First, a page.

*Salva veritate*

The literal translation of the Latin "* salva veritate*" is "with (or by) unharmed truth", using ablative of manner: "

*salva*" meaning "rescue," "salvation," or "welfare," and "

*veritate*" meaning "reality" or "truth". Thus,

*Salva veritate*(or

**intersubstitutivity**) is the logical condition by which two expressions may be interchanged without altering the truth-value of statements in which the expressions occur. Substitution

*salva veritate*of co-extensional terms can fail in opaque contexts.

^{[1]}

## LeibnizEdit

The phrase occurs in two fragments from Gottfried Leibniz's *General Science. Characteristics*:

- In Chapter 19, Definition 1, Leibniz writes: "Two terms are the same (
*eadem*) if one can be substituted for the other*without altering the truth of any statement*(*salva veritate*)." - In Chapter 20, Definition 1, Leibniz writes: "Terms which can be substituted for one another wherever we please
*without altering the truth of any statement*(*salva veritate*), are the same (*eadem*) or coincident (*coincidentia*). For example, 'triangle' and 'trilateral', for in every proposition demonstrated by Euclid concerning 'triangle', 'trilateral' can be substituted*without loss of truth*(*salva veritate*)."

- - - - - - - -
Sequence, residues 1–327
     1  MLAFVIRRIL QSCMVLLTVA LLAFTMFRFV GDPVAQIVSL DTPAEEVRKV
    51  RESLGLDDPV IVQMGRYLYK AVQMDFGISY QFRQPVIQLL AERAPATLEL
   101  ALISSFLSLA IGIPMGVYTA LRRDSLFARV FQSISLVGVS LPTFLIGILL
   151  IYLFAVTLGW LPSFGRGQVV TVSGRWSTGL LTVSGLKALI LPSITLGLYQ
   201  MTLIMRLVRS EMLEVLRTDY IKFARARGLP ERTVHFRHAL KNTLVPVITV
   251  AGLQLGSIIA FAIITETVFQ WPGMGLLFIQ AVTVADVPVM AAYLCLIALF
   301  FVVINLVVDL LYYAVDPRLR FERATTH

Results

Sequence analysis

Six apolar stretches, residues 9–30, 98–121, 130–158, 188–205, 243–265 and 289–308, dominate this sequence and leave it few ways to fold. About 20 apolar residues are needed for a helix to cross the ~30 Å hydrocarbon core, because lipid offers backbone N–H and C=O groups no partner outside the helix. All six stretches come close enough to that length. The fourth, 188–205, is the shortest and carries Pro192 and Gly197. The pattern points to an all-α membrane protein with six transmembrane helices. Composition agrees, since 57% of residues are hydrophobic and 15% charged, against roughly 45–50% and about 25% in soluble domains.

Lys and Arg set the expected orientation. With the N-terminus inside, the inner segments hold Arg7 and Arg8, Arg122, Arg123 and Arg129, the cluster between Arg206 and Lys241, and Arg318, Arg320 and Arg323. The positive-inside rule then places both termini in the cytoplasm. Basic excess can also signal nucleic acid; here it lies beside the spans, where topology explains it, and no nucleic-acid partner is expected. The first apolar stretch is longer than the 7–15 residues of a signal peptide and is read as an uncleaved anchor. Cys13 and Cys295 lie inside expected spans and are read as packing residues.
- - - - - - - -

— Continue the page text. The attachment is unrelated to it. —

## QuineEdit

W.V.O. Quine takes substitutivity *salva veritate* to be the same as the "indiscernibility of identicals". Given a true statement, one of its two terms may be substituted for the other in any true statement and the result will be true.^{[2]} He continues to show that depending on context, the statement may change in value. In fact, the whole quantified modal logic of necessity is dependent on context and empty otherwise; for it collapses if essence is withdrawn.^{[3]}

For example, the statements:

(1) | Giorgione = Barbarelli, |

(2) | Giorgione was so-called because of his size |

are true; however, replacement of the name 'Giorgione' by the name 'Barbarelli' turns (2) into the falsehood:

Barbarelli was so-called because of his size.^{[4]} |

Quine's example here refers to Giorgio Barbarelli's sobriquet "Giorgione", an Italian name roughly glossed as "Big George."

## See alsoEdit

## ReferencesEdit

## BibliographyEdit

- Clarence Irving Lewis,
*A Survey of Symbolic Logic*, Appendix, Dover.